There are two ways of increasing money available to banks:

    1. Bernanke prints it.
    2. Treasury gives it, taxes the taxpayers for it.

    The two are equivalent, except that in the second case the burden is put squarely on the taxpayers. In the first, we “share the wealth” with those who hold USD, e.g. China.

    The massive resistance to printing, for the past year from Bernanke, has been to put all the burden on the taxpayer, sterilizing at his expense. The Paulson plan is more of the same, except in the form of gifts to banks rather than loans.

    The taxpayer has suffered as his pocket has been picked.

    Now Bernanke has no choice and indeed he is printing. He should keep printing, he is doing the right thing.

    And Congress should do nothing in a rush. I’m not opposed to helping the banks increase capital, in exchange for common or preferred equity at current market prices. This should be considered. But the current proposals are bad and too rushed, this is no way to do business. It’s Bernanke’s job to handle things in the mean time, and the market can have confidence that he is providing liquidity to those solvent banks that need it.

  • Posted by Austrian Banker


    The second alternative is *not* correct. The treasury BORROWS the money from the MARKET, postponing the pay off until such time revenues make up for it (ie. taxation).

    That very money, which is right now sitting around and providing some oil in the real economy.

    When the state entices this money to leave money market funds etc, then $700 billion are effectively wiped out from the good economy and handed to the bad economy (the bankers).

    That is the sucking sound of an economy going to permasleep.

  • Posted by Judy Yeo

    aww, missed the londonbanker and rebeleconomist crossfire with the other commentators…


    some academics spend a lifetime waiting to be proven right, guessing that roubini has just struck the economic version of the vegas one arm bandit… not much point being right if you don’t get the jackpot 😉


    saw some of your comments – the accounting, I wisely leave to the experts, after all, they are paid for that. as opposed to me.

    safe to say- some of those assets are more likely to be “liabilities” though classified as assets- what is of concern is how they will account for (the unlikely, at least according to industry experts) decrease in value of the purchased crap, sorry, distressed assets? Amortization?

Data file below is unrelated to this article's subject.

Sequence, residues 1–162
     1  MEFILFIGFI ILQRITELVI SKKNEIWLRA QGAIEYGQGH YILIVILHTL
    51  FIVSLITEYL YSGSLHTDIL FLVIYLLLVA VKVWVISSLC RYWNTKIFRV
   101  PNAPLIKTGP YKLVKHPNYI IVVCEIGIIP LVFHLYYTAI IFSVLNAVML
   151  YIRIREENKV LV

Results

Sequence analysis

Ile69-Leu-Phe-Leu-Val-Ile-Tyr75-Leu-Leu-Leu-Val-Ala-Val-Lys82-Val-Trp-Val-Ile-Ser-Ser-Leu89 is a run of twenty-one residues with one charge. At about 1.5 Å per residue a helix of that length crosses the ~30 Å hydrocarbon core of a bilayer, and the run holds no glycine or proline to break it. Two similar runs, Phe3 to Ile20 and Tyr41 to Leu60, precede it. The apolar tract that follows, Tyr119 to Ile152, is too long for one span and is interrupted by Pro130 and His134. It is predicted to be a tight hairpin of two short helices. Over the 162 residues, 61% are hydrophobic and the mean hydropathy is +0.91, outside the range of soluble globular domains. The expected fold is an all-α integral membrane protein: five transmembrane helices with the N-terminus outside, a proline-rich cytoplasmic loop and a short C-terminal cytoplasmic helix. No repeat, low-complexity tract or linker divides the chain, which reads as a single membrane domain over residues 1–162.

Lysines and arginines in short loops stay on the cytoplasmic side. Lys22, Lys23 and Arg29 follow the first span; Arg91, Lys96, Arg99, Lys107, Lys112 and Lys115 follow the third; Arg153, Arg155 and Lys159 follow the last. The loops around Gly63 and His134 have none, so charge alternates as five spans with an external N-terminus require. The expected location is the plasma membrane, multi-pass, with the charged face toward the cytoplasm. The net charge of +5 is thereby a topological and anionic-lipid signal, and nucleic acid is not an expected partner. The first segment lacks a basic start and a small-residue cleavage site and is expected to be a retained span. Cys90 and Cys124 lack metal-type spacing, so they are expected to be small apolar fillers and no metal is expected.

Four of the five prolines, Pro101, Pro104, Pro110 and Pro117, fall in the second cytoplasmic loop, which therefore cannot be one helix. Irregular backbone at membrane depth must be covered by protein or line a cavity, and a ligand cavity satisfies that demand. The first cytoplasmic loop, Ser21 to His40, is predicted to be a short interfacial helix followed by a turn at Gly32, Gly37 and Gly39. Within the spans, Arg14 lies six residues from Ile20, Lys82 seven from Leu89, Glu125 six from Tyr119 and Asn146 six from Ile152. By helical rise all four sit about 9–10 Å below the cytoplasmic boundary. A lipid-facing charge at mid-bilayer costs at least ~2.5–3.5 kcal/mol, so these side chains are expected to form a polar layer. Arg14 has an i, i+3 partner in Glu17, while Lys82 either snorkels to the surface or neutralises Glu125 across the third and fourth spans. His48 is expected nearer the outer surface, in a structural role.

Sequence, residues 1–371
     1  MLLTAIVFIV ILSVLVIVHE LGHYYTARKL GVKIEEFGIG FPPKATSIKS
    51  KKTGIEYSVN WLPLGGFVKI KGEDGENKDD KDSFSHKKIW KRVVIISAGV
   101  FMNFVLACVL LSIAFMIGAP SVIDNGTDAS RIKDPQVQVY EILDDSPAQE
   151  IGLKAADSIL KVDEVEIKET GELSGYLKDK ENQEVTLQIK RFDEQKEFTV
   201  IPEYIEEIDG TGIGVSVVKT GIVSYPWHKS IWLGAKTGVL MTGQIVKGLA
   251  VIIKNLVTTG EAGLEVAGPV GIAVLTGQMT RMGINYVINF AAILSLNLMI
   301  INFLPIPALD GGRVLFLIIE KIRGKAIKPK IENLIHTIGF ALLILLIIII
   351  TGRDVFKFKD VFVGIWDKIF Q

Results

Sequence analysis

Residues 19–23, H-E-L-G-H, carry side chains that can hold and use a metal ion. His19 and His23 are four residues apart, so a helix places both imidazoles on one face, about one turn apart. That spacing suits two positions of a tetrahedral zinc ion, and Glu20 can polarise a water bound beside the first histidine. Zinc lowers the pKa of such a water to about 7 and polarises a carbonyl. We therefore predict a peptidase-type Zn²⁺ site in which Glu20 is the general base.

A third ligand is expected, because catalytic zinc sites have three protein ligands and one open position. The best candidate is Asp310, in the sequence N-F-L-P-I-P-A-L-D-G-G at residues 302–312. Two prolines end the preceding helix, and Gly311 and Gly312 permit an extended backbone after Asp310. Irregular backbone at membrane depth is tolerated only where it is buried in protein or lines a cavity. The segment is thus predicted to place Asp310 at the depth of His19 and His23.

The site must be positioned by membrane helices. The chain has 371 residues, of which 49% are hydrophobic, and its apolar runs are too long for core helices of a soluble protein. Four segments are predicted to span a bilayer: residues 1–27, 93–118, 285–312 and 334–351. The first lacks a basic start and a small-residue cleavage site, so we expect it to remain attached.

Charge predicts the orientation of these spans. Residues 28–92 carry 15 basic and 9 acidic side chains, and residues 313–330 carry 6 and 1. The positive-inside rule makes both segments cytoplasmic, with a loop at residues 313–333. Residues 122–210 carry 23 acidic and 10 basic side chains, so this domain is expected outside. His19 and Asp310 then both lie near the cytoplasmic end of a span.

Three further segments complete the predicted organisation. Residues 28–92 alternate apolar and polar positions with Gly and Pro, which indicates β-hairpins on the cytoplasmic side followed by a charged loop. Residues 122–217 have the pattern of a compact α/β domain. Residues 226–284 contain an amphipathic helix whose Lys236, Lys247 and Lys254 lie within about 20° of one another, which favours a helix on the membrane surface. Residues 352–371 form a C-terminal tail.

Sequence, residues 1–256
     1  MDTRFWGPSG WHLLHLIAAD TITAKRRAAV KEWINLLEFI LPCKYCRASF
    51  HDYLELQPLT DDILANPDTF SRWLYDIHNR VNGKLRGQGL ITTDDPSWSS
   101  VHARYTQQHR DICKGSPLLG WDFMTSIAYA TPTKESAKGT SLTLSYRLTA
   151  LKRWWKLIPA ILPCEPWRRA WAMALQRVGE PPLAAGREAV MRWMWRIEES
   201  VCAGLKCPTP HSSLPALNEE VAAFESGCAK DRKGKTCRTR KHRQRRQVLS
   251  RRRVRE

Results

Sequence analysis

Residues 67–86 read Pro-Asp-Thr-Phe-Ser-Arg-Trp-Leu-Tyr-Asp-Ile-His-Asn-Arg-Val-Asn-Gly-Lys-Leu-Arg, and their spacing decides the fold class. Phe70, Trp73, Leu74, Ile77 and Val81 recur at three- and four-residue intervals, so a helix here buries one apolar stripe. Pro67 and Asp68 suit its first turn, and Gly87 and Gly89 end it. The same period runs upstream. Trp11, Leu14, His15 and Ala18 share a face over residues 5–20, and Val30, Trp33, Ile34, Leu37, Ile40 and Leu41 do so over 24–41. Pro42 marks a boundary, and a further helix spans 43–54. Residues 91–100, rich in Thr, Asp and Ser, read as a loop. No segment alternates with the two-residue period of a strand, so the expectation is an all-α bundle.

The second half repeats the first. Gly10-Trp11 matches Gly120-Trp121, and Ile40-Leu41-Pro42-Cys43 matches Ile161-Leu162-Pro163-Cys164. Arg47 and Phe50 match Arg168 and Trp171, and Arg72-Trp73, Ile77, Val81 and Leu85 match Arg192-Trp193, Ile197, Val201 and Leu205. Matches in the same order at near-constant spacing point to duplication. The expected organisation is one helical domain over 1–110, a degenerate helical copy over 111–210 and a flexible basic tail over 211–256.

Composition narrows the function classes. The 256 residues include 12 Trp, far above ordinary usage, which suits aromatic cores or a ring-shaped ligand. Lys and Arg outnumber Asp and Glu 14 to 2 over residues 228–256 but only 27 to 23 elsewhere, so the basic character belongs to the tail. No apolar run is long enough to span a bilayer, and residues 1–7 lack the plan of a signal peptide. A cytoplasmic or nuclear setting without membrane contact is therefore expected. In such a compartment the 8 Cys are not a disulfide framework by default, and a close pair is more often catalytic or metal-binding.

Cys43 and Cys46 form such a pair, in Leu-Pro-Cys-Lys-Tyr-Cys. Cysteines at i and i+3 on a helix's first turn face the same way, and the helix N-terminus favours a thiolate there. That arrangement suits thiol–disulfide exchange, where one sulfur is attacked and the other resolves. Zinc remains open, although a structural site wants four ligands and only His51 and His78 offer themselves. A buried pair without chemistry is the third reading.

• Posted by ReformerRay

    “this is a real crisis”. Based solely on some numbers. Amount of money lent out by Central Banks, IMF AND FRB.

    Comparing apples to oranges. If the money is lent overnight, the Fed has it back the next day to lend it again.

    Need to compare the total amount of lending that is not recovered within a short period of time (as in the IMF lending). Could be a very small number.

    The websites of FRB and the European Central Bank give the story of the increase in overnight lending throughout the world. Central banks have stepped in to provide liquidity where the private banks have withdrawn. Any reason why the Central Banks cannot continue to do what they have been doing for the past week?

    I think we have been suckered by Bernanke crying wolf (entire system will collapse) when there is no wolf at the door. My hope is that no bill will be passed tomorrow and the next day so as to show that the economy is not about to collapse.

    Alas, the desire of Congress to go home will override good sense.

    My consolation is that any bill that is passed can be revisited later.

  • Posted by Dave G

    Can anybody say with any assurance that $700 billion of cash – not loans – is readily available for the government to use? The banks do not have the money, redemption of money market funds will simply lead to more demands on the system for liquidity. Sovereign wealth funds ? – they already own the existing bonds, why would they want more?

    I don’t get exactly where is the source of these funds, assuming this plan is not a fig leaf for monetizing $700B of new debt.

    Any ideas?

  • Posted by RebelEconomist


    Regarding the effect of the reciprocal swap arrangement on the Fed H.4.1 report, take a look at my blog posting:
    including the comments.

    I think that the swap itself does not appear on the H.4.1 report, which is, after all, entitled “factors affecting reserve balances”, rather than being the Fed’s complete balance sheet.

  • Posted by RebelEconomist

    Dave G,

    The banks will have the money after the TARP buys their crud. In theory, the banks could spend the proceeds on more crud in an attempt to earn a higher return, but I think that the US authorities would take a dim view of such behaviour!

  • Posted by Edwardo

    Someone wrote:

    “The Fed can always print money on a grand scale. But if it does this, the international funding that the US needs will stop. Thus, the Fed is limited in a very real way. And it is burning through its current balance sheet at a terribly fast pace. As Brad Setser says… […]”

    Whatever the Fed’s balance sheet may show today, absconding with untold billions via a massive disinformation campaign/putsch will not remotely resolve the problem. Why? Because the problem exists at the heart of the global fiat based money system that relies on growth that is no longer possible in a world of finite resources.

    I submit that what we are witnessing now is a secular change of epic size. Peak debt, the death of which we are currently witnessing came about as a way to make something from nothing. It is no accident that the reach for outsized yield that is at the heart of the advent of all the lethal financial instruments of mass destruction came about after this nation was stripped of its industrial base.